we need to know some typical methods to solve linear pde’s of ﬁrst order and second order. we need to ﬁnd some nice norm for solutions and derive a Gronwall type inequality. Historically. we have to use maximum principle trick or monotonicity formulae for solutions. which depend on what we wanted in reality. the solution expressions were guessed by scientiﬁc workers from physical intuition. So it is important for us know the scientiﬁc background of the equations. For stationary problems. To get uniqueness and stability of solutions to evolution problems. In our course.14 LI MA There are also many other deﬁnitions for stabilities. .

Using the Fourier law. t) ∈ ∂ Ω × (0.EQUATIONS FROM MATHEMATICAL PHYSICS 15 2. we have cρ∂t u = div (k ∇u) + ρf0 . which is a typical parabolic partial diﬀerential equation of second order. we can measure the heat density on the boundary ∂ Ω. t) = αu(x. we have cρ∂t u = −div q ¯ + ρf0 . ∂t D cρudx = ∂D q ¯ · (−ν )dσ + D ρf0 dx. t) be the density of heat source. x ∈ Ω. ∞). we have. Then as in the case of continuity equation. t). (x. which is called the heat equation with source f0 . (x. The heat equation coupling with initial and boundary conditions is called a determined problem of heat equation. we have q ¯ = −k ∇u. t) ∈ Ω × (0. and let q ¯ be the heat ﬂowing velocity. since D can be any domain in the body. ∞). Using the divergence theorem we have q ¯ · (−ν )dσ = − ∂D D div (¯ q )dx. lecture two 2. ∞). By Fourier’s law. Physically. where k > 0 is a coeﬃcient of physical quantity. and we may assume that u(x. Heat equation and Laplace equation. The initial heat density at t = 0 can also be detected. t) ∈ ∂ Ω × (0. Hence. Let f0 (x. we may have other kind of boundary conditions like k ∂u (x. t) = 0 for (x. Then we have the heat equation ut = ∆u. for a physical constant c > 0 of the region D ⊂ Ω. Heat equation and Laplace equation are very important objects in PDE theory. We use the energy conservation law to derive the heat equations. Of course.1. ∂ν . Let u be the heat density of the body Ω. Assume that c = 1 = k = ρ and f0 = 0. 0) = φ(x). So we assume that u(x.

that ut = 0. In dimension one. if the dimension n ≥ 2. it is not easy to solve the Laplace equation on domains coupling with its boundary condition. However. we have the following equation: ∆u + f = 0. So u = ax + b is a linear function of the single variable x. the Laplace equation becomes u = 0. . which is a typical elliptic partial diﬀerential equation of second order.16 LI MA When we have stationary heat in Ω. we try to solve some simple pde of ﬁrst order. where f = ρf0 . it is called the Laplace equation in Ω. or in other form −∆u = f which is called the Poisson equation. In the following subsection. If f = 0.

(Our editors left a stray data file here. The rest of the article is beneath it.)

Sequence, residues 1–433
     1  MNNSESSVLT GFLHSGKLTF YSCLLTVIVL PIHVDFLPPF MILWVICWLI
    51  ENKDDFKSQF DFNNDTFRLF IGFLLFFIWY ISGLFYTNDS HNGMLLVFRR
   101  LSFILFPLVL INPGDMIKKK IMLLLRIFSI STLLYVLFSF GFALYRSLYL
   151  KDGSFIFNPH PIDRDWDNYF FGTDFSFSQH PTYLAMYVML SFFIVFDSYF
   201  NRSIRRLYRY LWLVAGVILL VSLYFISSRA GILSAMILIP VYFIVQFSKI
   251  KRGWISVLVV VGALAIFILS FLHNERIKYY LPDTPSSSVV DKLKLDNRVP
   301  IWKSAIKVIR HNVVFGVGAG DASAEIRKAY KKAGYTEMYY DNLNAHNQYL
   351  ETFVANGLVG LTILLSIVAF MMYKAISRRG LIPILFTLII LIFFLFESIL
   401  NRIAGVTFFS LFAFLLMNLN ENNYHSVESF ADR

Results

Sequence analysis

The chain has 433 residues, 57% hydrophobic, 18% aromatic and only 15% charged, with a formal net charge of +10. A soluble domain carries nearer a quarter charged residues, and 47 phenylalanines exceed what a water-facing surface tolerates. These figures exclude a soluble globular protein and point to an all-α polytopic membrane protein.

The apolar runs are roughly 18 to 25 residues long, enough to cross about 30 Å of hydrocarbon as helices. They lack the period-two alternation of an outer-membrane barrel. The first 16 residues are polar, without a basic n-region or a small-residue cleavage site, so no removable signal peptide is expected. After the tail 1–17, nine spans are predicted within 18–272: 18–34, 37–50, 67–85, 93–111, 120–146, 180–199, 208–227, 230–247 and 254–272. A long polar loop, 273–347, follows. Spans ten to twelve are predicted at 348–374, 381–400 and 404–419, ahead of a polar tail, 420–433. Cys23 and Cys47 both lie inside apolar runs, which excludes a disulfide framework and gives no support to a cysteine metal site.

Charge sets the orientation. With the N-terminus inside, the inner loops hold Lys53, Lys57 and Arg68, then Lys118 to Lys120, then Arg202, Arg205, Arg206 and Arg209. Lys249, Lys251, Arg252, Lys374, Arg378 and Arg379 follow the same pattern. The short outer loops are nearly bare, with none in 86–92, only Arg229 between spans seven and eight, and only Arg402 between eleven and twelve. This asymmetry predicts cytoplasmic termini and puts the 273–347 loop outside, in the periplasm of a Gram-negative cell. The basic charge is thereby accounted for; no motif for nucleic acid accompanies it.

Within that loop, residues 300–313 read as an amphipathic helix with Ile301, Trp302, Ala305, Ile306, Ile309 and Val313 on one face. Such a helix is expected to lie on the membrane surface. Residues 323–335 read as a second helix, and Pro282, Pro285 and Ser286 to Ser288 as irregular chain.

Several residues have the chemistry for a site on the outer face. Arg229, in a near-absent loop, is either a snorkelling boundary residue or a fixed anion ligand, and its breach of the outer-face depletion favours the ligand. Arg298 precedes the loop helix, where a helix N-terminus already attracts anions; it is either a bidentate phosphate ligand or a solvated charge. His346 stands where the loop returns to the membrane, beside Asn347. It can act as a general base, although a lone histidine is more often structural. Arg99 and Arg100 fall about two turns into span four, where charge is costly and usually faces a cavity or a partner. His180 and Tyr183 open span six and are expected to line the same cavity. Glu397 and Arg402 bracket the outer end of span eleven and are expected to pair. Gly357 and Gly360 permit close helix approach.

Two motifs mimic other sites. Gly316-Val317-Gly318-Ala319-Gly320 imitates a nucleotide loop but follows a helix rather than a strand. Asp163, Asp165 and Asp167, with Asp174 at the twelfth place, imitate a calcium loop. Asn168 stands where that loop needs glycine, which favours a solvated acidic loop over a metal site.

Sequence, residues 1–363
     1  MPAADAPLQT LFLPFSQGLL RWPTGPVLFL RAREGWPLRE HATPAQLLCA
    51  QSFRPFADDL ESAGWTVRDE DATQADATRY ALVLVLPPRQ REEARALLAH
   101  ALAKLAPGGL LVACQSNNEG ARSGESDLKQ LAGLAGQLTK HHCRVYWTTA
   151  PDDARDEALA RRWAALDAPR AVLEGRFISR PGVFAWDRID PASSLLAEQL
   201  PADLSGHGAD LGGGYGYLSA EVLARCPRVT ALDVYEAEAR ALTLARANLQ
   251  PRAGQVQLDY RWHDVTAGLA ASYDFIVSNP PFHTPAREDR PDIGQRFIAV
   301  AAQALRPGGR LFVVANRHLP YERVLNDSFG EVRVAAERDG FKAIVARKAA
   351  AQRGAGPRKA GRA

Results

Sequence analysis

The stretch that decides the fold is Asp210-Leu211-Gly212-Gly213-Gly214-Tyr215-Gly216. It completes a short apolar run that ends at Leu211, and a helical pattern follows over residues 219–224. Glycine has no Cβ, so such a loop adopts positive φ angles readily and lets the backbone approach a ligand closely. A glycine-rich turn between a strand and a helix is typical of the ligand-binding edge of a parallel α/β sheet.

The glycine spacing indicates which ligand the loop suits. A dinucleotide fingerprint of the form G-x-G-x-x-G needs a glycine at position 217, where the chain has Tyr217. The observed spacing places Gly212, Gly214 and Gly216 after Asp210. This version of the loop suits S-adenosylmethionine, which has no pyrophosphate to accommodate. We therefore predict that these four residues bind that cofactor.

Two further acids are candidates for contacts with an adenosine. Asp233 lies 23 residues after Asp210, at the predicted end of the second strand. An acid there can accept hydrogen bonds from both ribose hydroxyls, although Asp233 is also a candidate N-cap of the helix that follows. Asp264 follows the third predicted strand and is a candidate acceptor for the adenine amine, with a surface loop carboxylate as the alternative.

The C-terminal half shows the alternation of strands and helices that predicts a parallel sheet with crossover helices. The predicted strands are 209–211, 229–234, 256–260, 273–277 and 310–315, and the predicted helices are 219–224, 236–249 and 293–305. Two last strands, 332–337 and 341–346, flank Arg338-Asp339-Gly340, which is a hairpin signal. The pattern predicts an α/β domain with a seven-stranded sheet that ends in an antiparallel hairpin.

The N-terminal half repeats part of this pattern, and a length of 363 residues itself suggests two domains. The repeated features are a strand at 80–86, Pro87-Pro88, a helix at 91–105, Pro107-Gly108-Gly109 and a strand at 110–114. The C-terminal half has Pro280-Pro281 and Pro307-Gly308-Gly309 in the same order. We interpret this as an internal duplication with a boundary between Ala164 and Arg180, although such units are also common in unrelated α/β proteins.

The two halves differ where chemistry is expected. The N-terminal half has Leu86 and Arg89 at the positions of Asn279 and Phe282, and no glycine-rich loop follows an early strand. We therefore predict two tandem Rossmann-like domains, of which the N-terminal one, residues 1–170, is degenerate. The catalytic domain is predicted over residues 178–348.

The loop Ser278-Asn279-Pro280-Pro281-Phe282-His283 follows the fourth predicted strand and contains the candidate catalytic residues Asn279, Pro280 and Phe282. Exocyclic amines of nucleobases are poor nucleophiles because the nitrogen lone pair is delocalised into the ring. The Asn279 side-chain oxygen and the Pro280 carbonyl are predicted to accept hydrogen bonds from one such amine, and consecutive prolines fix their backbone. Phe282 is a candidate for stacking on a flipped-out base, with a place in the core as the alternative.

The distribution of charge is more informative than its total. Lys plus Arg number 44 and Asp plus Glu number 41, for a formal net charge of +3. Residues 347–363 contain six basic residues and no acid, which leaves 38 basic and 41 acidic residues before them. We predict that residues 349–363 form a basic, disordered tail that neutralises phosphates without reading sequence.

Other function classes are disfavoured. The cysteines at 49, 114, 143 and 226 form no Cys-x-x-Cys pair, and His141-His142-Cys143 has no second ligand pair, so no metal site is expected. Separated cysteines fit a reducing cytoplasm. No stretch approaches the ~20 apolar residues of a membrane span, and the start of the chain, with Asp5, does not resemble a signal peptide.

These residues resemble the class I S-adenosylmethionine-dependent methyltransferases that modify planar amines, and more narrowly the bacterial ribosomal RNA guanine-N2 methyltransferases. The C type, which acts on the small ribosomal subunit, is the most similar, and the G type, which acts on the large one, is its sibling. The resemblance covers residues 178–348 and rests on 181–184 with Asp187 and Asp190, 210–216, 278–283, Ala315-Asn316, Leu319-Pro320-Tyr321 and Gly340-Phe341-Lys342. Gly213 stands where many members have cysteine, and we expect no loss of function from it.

Using integration along the curve C (t). t) with the same initial data as u. We introduce the C -curve C (t) (called the characteristic curve) by solving dx/dt = a. t) = f (at + A. τ )dτ. we have u(A. Then we have x(t) = x and we can ﬁnd that initial point on the curve is x(0) = A = x − at. One may study examples in our textbook. we have x(0) = A. Solve pde of ﬁrst order. we ﬁnd (FF): t u(x. t) = u0 (x − at) + 0 f (x + a(τ − t).EQUATIONS FROM MATHEMATICAL PHYSICS 17 2. t) on the curve C (t). In fact. When t = 0. 0) + 0 f (aτ + A. we have t u(x(t). So one should know how to solve an ODE. This lemma is based on a very simple observation from the formula (FF) that if u0 = 0 and f ≥ 0. we have du/dt = ut + aux = f (x. We study a ﬁrst order partial diﬀerential equation. . So by the initial value condition. let g (x. On the curve C . Our question is to solve the following equation (FDE): ut + aux = f (x. t) = u(A. 0) = u0 (A) = u0 (x − at). The method above is called characteristic curve method in the literature. The principle for solving a ﬁrst order PDE is to reduce it into ODE along characteristic curves. T ]. t). Given the point (x. Let w be a smooth function satisfying wt + awx ≥ f (x. t).2. t) = wt + awx − f (x. τ )dτ. In case when f = 0. we have u(x. Then we have C := C (t) : x = at + A. We point out the following comparison lemma: Let u be a smooth solution to (FDE) with the initial data u(0) = u0 . then u ≥ 0 for all t. Assume that we have the initial condition u = u0 (x) at t = 0. Inserting A = x − at into the expression above. t). t) = u0 (x − at). We shall review some ODE theory when it is necessary. Then we have w ≥ u on R × [0.